Yet, specific details of how they intend to achieve such an objective are scant.
- ‘Why wasn’t the IFA on the picket lines with beef farmers?’
- ‘How could the IFA let beef sector incomes drop so low?’
- ‘What is the IFA going to do about its declining membership?’
- ‘How will the IFA remain relevant with so many other lobby groups now also representing farmers?’
Many would say that these views have been shaped and compounded by the emergence of Beef Plan Movement – the ‘new kid on the block’ that formed late last year within a veritable vacuum of farmer frustration.
Veritable vacuum of farmer frustration
In their view, the IFA had ignored their cry for help, thus creating a space for Beef Plan Movement to bring the issue – in a rumble of thunder – into the public’s consciousness last summer. Thousands of farmers journeyed to Leinster House to pile their idle wellies at the seat of power.
“No longer needed” was the humble message emblazoned across the mound of boots.
Having amassed a (claimed) support base of more than 20,000 members over the previous six months – some of whom were crestfallen or frustrated IFA foot-soldiers; others had never previously involved themselves in farm politics – the movement mounted a series of nationwide protests outside dozens of meat processing plants.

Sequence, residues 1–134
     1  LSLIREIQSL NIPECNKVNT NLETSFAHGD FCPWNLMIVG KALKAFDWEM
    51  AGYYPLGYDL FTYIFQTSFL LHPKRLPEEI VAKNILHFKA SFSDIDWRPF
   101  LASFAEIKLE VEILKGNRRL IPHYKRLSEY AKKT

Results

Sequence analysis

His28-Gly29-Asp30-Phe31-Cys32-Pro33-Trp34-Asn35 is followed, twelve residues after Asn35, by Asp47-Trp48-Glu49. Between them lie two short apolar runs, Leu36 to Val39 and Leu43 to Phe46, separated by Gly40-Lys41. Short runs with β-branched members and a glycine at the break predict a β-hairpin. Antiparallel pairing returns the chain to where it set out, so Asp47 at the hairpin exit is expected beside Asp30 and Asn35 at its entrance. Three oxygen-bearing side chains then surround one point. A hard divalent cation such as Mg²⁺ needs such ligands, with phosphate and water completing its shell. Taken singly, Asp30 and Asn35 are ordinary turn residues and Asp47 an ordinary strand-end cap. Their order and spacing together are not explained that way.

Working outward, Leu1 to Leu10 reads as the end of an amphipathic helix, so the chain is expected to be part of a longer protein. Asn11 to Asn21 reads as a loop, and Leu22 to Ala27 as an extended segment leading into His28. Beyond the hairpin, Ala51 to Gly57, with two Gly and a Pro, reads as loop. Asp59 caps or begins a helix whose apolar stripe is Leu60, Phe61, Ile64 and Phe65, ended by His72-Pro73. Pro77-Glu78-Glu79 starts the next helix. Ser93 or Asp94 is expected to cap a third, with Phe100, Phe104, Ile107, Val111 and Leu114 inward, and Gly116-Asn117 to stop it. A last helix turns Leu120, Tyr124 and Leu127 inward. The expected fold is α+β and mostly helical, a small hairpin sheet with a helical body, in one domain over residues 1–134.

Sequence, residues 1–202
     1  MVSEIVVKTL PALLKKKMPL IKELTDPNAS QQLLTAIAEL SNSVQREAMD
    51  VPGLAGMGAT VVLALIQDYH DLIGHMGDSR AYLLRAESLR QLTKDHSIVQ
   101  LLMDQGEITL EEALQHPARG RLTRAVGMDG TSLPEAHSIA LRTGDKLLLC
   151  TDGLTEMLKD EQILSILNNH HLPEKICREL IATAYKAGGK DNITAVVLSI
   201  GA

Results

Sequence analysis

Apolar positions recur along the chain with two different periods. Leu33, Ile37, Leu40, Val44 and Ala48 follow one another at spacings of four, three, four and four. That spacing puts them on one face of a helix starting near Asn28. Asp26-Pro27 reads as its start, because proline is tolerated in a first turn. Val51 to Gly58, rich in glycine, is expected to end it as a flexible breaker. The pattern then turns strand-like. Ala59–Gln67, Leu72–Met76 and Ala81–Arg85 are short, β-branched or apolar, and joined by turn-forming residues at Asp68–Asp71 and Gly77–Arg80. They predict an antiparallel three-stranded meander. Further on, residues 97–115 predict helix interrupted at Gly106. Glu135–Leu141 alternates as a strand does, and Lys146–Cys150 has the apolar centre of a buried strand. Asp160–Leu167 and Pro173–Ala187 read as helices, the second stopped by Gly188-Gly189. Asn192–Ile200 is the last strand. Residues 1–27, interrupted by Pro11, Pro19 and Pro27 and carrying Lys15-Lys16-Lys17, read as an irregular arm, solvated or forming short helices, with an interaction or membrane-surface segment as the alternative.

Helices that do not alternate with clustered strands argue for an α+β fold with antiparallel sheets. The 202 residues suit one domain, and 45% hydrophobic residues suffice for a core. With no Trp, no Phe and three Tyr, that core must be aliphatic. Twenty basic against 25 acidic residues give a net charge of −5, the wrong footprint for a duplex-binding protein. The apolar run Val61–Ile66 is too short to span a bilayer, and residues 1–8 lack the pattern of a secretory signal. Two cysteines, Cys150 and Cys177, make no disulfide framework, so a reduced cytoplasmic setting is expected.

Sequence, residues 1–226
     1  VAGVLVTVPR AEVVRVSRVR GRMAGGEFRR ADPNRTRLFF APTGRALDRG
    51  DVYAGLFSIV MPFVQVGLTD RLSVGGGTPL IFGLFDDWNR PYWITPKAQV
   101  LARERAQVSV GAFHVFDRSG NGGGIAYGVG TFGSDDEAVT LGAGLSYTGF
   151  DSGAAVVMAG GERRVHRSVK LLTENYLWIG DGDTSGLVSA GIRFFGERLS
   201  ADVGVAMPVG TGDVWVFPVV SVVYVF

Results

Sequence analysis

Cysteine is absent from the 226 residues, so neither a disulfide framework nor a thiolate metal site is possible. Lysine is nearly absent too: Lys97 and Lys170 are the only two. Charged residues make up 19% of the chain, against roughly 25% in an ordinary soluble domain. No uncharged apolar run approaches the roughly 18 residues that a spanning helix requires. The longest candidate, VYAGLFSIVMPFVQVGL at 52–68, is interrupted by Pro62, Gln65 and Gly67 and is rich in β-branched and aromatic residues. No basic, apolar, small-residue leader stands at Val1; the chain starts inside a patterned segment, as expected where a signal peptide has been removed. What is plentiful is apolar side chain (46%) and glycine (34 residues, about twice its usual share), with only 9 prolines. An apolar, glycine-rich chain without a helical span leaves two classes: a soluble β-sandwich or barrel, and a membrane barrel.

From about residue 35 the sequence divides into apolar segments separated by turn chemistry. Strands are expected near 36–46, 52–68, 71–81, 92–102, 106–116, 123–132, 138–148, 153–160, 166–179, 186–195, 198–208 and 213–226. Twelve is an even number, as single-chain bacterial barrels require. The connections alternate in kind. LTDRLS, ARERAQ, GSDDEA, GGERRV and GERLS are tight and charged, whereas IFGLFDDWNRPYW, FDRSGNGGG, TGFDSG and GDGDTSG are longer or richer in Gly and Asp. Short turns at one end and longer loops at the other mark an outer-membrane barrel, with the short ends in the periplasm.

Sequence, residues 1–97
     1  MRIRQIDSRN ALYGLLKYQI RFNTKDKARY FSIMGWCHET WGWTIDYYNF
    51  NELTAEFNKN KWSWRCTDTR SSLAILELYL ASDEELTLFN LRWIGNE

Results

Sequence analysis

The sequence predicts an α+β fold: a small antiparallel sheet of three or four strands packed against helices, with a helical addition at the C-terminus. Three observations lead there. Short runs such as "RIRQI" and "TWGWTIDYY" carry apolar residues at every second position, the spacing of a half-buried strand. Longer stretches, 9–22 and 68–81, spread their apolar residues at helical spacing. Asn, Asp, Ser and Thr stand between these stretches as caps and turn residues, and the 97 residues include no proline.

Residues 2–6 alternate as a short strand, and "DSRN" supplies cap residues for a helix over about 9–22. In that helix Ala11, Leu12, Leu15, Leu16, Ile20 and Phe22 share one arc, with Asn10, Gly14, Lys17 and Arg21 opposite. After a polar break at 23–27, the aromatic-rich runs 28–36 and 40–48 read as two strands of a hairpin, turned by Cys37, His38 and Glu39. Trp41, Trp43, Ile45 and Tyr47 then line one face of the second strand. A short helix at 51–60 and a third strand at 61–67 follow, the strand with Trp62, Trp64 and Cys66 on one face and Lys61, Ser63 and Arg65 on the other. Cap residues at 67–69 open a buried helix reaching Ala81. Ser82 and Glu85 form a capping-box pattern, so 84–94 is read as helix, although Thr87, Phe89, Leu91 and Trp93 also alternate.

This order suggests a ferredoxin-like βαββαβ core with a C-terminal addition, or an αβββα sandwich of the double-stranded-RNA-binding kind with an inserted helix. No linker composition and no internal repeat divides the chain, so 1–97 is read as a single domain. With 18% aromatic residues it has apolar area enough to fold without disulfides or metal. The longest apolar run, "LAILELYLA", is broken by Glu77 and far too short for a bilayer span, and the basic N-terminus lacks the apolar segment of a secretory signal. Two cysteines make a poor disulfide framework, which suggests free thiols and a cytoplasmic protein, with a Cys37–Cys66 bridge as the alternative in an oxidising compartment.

They came out in their hundreds at some factory gates; in the main, they camped peacefully day and night. They circled slowly – permissible by law under the proviso of ‘freedom of expression’ – in the hope that they might precipitate or, more pointedly, force change.
Consumers and citizens at large (many generations, in some cases, removed from front-line farming) started to ask questions: ‘What is the four-movement rule?”; ‘What is the 30-month age limit?’.
Many other farm organisations rowed in behind too – the Irish Cattle Sheep Farmers’ Association (ICSA); the Irish Creamery Milk Suppliers’ Association (ICMSA); the Irish Natura Hill Farmers’ Association (INHFA) – but the IFA’s absence (certainly in an official capacity) was ever more apparent.
But the processors came out swinging – unleashing a backlash of fury. They pointed to dramatic impacts for their business – citing declines in kill-line activity, staff morale and reputational standing. They also warned that major international contracts were in peril.
While Gardaí appeared to have the situation under control, matters escalated at some plants. There were altercations and threats. Camera phones and solicitors letters became the weapons of choice. Some protests were subsequently stood down; others lingered.
Alas, the one parameter that didn’t move was the fundamental (beef) base price.
Hats at the door
Protesters put their trust in the movement; they listened to its leaders – albeit at times they did not agree. They waited in the wings, while ‘stakeholders’ gathered for the independently-chaired beef sector reform talks at the offices of the Department of Agriculture, Food and Marine.
Here the unions could not be splintered; their hats had to be left at the door.
It was their duty to represent all beef farmers – to articulate and communicate in no uncertain terms the gravity of the situation. Their collective mandate was to demand answers and action – from Meat Industry Ireland (MII), Bord Bia, Teagasc and – not least – the Minister for Agriculture Michael Creed.